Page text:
adverse drug effect
potential therapeutic effect
World Health Organization (2004) Pharmacovigilance: ensuring the safe use of medicines. World Health Organization, Geneva
Fridlyand J, Simon RM, Walrath JC, Roach N, Buller R, Schenkein DP, Flaherty KT, Allen JD, Sigal EV, Scher HI (2013) Considerations for the successful co-development of targeted cancer therapies and companion diagnostics. Nat Rev Drug Discov 12(10):743–755
Law V, Knox C, Djoumbou Y, Jewison T, Guo AC, Liu Y, Maciejewski A, Arndt D, Wilson M, Neveu V (2014) DrugBank 4.0: shedding new light on drug metabolism. Nucleic Acids Res 42(D1):D1091–D1097
Wishart DS, Knox C, Guo AC, Cheng D, Shrivastava S, Tzur D, Gautam B, Hassanali M (2008) DrugBank: a knowledgebase for drugs, drug actions and drug targets. Nucleic Acids Res 36(suppl 1):D901–D906
Knox C, Law V, Jewison T, Liu P, Ly S, Frolkis A, Pon A, Banco K, Mak C, Neveu V (2011) DrugBank 3.0: a comprehensive resource for ‘omics’ research on drugs. Nucleic Acids Res 39(suppl 1):D1035–D1041
Preston CL (2015) Stockley’s drug interactions. Pharmaceutical Press, London
Hansten PD, Horn JR (2006) Drug Interactions: analysis and management: a clinical perspective and analysis of current developments. Wolters Kluwer Health, Philadelphia
Cochrane Z, Hein D, Gregory P (2013) Medication misadventures I: adverse drug reactions. In: Malone P, Kier K, Stanovich J, Malone M (eds) Drug information: a guide for pharmacists, 5th edn. McGraw-Hill, New York
Patel RI, Beckett RD (2016) Evaluation of resources for analyzing drug interactions. J Med Libr Assoc JMLA. 104(4):290
Korkontzelos I, Piliouras D, Dowsey AW, Ananiadou S (2015) Boosting drug named entity recognition using an aggregate classifier. Artif Intell Med 65(2):145–153
Avillach P, Dufour J-C, Diallo G, Salvo F, Joubert M, Thiessard F, Mougin F, Trifirò G, Fourrier-Réglat A, Pariente A (2012) Design and validation of an automated method to detect known adverse drug reactions in MEDLINE: a contribution from the EU–ADR project. J Am Med Inform Assoc 20(3):446–452
Wang W, Haerian K, Salmasian H, Harpaz R, Chase H, Friedman C (2011) A drug-adverse event extraction algorithm to support pharmacovigilance knowledge mining from PubMed citations. In: AMIA annual symposium proceedings. American Medical Informatics Association, pp 1464–1470
Aramaki E, Miura Y, Tonoike M, Ohkuma T, Masuichi H, Waki K, Ohe K (2010) Extraction of adverse drug effects from clinical records. Stud Health Technol Inform 160(Pt 1):739–743
Doğan RI, Névéol A, Lu Z (2011) A context-blocks model for identifying clinical relationships in patient records. BMC Bioinform 12(Suppl. 3):S3
Duke JD, Friedlin J (2010) ADESSA: a real-time decision support service for delivery of semantically coded adverse drug event data. In: AMIA annual symposium proceedings. American Medical Informatics Association, pp 177–181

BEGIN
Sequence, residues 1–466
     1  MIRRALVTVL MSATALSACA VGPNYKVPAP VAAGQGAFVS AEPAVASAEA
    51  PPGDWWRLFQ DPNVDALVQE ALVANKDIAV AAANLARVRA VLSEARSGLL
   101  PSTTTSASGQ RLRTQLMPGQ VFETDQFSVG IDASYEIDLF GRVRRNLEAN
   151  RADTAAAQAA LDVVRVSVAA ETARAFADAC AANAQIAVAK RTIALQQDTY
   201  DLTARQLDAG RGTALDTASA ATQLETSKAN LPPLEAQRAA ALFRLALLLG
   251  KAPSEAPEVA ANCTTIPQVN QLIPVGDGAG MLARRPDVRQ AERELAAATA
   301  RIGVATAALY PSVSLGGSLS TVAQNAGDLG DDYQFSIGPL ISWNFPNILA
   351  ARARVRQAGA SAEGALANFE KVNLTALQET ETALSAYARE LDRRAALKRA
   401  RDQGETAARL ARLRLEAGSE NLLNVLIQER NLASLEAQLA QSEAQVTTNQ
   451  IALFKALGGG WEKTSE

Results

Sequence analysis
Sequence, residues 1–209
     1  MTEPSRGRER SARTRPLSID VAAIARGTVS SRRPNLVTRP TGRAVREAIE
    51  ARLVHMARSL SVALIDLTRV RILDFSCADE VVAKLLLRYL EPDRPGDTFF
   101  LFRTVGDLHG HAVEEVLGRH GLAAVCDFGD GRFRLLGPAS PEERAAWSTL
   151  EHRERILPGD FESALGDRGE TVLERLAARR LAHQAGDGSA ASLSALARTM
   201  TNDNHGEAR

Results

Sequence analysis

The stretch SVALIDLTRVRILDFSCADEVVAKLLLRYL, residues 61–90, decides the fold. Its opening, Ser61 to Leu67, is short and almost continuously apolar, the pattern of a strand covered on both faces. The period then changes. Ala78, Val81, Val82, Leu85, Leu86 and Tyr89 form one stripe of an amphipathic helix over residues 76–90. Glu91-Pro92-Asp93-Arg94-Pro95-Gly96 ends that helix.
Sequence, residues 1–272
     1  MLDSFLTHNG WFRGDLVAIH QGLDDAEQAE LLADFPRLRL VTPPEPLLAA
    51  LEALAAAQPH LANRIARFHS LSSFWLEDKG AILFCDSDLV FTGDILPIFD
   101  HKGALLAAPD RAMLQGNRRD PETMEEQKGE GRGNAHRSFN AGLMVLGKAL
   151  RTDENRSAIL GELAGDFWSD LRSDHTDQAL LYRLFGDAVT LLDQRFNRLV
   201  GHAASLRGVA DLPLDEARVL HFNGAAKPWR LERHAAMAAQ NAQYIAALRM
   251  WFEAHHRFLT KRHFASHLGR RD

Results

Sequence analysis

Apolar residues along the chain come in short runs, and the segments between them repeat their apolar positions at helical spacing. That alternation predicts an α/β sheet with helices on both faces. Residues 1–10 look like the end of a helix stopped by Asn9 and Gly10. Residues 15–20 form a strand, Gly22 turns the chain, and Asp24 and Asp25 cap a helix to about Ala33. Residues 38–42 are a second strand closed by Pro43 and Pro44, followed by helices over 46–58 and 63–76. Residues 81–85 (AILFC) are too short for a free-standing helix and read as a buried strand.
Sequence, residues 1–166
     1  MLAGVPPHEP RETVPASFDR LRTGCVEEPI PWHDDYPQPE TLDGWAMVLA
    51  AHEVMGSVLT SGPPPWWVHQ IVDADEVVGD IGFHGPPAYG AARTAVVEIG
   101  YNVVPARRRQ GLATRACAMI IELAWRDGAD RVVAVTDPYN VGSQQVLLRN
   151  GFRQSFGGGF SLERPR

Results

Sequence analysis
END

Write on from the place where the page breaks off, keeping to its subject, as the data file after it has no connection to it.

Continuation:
Kuhn M, Campillos M, Letunic I, Jensen LJ, Bork P (2010) A side effect resource to capture phenotypic effects of drugs. Mol Syst Biol 6(1):343
Leaman R, Wojtulewicz L, Sullivan R, Skariah A, Yang J, Gonzalez G (2010) Towards internet-age pharmacovigilance: extracting adverse drug reactions from user posts to health-related social networks. In: Proceedings of the 2010 workshop on biomedical natural language processing. Association for Computational Linguistics, pp 117–125
Chee BW, Berlin R, Schatz B (2011) Predicting adverse drug events from personal health messages. In: AMIA annual symposium proceedings. American Medical Informatics Association, pp 217–226
Nikfarjam A, Sarker A, O’Connor K, Ginn R, Gonzalez G (2015) Pharmacovigilance from social media: mining adverse drug reaction mentions using sequence labeling with word embedding cluster features. J Am Med Inform Assoc 22(3):671–681
Sarker A, Ginn R, Nikfarjam A, O’Connor K, Smith K, Jayaraman S, Upadhaya T, Gonzalez G (2015) Utilizing social media data for pharmacovigilance: a review. J Biomed Inform 54:202–212
Yang M, Kiang M, Shang W (2015) Filtering big data from social media–building an early warning system for adverse drug reactions. J Biomed Inform 54:230–240
Kolchinsky A, Lourenço A, Wu H-Y, Li L, Rocha LM (2015) Extraction of pharmacokinetic evidence of drug–drug interactions from the literature. PLoS ONE 10(5):e0122199
Kolchinsky A, Lourenço A, Li L, Rocha LM (2013) Evaluation of linear classifiers on articles containing pharmacokinetic evidence of drug–drug interactions. In: Pacific symposium on biocomputing. World Scientific, pp 409–420
Wu H-Y, Karnik S, Subhadarshini A, Wang Z, Philips S, Han X, Chiang C, Liu L, Boustani M, Rocha LM (2013) An integrated pharmacokinetics ontology and corpus for text mining. BMC Bioinformatics 14:35
Lewinski NA, Jimenez I, McInnes BT (2017) An annotated corpus with nanomedicine and pharmacokinetic parameters. Int J Nanomed 12:7519–7527